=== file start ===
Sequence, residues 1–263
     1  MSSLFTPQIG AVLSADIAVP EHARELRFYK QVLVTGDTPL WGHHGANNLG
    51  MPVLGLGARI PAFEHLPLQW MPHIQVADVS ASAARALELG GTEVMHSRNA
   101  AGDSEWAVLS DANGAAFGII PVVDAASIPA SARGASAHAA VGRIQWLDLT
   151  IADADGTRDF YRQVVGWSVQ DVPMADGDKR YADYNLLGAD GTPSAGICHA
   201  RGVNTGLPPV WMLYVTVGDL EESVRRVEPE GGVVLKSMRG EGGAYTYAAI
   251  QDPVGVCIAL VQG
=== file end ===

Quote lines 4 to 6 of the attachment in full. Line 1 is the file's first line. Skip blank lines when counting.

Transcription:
   101  AGDSEWAVLS DANGAAFGII PVVDAASIPA SARGASAHAA VGRIQWLDLT
   151  IADADGTRDF YRQVVGWSVQ DVPMADGDKR YADYNLLGAD GTPSAGICHA
   201  RGVNTGLPPV WMLYVTVGDL EESVRRVEPE GGVVLKSMRG EGGAYTYAAI